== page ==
I protested the cityscape.
But the more I thought on it, the generic cityscape made me bristle. I’m native to Los Angeles, my earliest memories are rooted there, and the sprawling city itself is important to the novel. I protested. I wrote to the editor again. “I like it very much,” I began, but I objected to the cityscape. At the very least, why not include the iconic LA City Hall? (Recognizable by anyone who has ever seen a television series set in LA.) I won that round, happy that my authorial input was acknowledged, maybe even respected. Oh, and no parking ticket for her.
I’m not even sure what I envisioned. It’s a handbook for writers.
The jacket art for nonfiction, I learned, is an entirely different process. For nonfiction there’s no central character, no particular era or overall thematic canopy that can be evoked in a visual image. When the editor sent me the jacket proof for Memory Into Memoir, (2021, University of New Mexico Press) I wrote back, “I like it very much,” though in truth it looked nothing at all like what I had envisioned. I’m not even sure what I had envisioned. Memory Into Memoir is a handbook for writers.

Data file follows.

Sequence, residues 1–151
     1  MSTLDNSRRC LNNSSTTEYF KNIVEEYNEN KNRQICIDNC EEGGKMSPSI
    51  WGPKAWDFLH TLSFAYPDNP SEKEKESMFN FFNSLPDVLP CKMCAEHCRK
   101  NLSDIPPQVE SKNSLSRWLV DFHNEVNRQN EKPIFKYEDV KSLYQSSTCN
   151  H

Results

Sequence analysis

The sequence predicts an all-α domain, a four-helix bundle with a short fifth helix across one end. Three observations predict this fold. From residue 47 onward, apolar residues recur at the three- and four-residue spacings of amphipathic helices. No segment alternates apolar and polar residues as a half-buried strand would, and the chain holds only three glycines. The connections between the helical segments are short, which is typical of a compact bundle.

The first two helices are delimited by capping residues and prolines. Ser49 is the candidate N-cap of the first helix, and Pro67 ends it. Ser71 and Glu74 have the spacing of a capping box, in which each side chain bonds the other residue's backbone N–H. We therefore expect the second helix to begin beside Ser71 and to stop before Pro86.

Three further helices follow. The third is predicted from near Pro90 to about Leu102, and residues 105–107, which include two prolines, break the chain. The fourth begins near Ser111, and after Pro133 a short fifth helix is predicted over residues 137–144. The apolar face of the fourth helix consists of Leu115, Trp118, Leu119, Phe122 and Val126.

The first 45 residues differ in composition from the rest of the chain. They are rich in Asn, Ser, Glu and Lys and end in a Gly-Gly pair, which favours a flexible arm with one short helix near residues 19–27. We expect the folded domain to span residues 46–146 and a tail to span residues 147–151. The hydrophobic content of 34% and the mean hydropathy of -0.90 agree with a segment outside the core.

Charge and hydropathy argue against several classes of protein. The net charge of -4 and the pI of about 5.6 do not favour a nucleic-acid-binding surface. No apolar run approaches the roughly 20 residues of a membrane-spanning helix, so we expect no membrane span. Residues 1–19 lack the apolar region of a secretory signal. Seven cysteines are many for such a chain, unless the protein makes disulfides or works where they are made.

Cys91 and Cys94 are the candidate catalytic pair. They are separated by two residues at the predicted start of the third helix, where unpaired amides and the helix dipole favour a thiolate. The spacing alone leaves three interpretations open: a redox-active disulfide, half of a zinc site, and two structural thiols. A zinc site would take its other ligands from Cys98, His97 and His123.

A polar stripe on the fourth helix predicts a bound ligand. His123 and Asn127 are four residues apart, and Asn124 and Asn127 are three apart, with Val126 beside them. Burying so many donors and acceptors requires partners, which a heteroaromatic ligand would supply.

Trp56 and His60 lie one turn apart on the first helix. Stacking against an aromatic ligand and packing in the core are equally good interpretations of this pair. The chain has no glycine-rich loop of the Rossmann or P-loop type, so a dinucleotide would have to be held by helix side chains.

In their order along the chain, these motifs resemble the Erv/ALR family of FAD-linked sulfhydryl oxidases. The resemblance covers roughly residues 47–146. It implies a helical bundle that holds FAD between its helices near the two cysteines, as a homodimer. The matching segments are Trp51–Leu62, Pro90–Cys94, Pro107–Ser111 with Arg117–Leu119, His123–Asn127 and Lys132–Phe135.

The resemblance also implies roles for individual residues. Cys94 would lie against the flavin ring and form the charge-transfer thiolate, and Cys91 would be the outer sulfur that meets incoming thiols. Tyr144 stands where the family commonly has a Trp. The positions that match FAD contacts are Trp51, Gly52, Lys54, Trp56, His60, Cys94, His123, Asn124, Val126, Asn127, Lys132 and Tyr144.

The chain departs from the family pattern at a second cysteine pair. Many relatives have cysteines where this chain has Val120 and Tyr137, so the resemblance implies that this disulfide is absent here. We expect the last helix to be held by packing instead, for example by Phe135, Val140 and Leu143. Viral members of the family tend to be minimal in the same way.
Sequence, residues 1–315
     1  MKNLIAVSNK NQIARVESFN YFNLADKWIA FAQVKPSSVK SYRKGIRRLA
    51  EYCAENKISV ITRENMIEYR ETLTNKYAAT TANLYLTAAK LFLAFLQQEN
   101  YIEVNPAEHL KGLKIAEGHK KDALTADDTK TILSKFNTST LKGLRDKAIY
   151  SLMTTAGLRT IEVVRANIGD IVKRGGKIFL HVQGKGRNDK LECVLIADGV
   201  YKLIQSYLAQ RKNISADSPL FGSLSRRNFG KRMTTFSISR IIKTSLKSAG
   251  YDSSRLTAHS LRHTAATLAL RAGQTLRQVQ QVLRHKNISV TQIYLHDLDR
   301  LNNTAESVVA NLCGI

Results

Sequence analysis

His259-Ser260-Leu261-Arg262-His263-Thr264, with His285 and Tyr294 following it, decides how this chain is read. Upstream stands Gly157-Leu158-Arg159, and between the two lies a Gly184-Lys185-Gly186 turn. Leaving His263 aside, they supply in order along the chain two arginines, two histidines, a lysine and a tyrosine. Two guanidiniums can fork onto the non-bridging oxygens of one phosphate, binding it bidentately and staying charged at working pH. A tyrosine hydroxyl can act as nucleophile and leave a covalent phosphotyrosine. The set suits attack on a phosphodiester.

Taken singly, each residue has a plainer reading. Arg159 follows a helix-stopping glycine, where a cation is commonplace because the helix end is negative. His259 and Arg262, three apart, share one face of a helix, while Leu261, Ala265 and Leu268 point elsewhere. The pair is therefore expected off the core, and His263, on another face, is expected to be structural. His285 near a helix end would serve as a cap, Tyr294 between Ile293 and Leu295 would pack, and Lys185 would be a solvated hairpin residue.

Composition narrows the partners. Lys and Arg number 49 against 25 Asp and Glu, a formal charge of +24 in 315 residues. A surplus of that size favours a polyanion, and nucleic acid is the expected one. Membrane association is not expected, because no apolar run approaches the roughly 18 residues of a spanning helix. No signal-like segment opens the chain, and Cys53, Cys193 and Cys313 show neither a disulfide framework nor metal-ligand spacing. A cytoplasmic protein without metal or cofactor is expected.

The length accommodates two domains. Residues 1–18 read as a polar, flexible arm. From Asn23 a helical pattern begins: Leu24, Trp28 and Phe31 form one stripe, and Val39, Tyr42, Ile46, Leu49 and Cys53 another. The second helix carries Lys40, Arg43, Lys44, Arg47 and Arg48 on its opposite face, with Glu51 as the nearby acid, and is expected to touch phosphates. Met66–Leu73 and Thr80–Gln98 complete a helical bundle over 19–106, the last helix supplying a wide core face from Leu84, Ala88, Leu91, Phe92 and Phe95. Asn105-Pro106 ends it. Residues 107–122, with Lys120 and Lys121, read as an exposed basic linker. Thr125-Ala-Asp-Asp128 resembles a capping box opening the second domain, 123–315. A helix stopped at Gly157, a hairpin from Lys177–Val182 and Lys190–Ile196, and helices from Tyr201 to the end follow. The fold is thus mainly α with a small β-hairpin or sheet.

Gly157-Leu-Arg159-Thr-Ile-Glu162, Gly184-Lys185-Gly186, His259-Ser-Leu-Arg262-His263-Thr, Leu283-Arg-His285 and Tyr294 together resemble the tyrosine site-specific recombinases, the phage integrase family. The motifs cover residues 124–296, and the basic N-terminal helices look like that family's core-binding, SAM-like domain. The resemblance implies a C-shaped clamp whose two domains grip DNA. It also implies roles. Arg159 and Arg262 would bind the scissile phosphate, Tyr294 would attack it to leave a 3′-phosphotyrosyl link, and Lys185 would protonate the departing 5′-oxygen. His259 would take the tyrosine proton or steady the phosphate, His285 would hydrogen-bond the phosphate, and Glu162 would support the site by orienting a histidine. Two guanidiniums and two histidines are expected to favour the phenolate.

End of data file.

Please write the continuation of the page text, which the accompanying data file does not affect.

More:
“Pen in hand” is a nostalgic image, perhaps even metaphorical.
What I envisioned was, oddly, more like the recent proof I received for jacket for the Chinese edition of Memory Into Memoir. I like it very much. I like the bright, the vibrant red. I like the wistful picture of a woman alone with a pen in her hand facing an open window and a setting sun. It’s thoughtful, even tranquil (though I know very well that writing a memoir is not a tranquil experience, quite the opposite). The writer in this gauzy scene appeals to me. I like the little drawing on the back, the disembodied hand, again, pen in hand, writing in an actual notebook. I like it because “pen in hand” is itself a nostalgic image, perhaps, now, even so passé as to be metaphorical.
I have zero idea what the writing on this dust jacket says. I have sent it on to my adventurous cousin, Patty Stephenson who has lived and taught in China. She can speak Chinese, and though I don’t know if she can read it, she knows a lot of people in China and they can read it. She will get back to me with their findings. Stay tuned.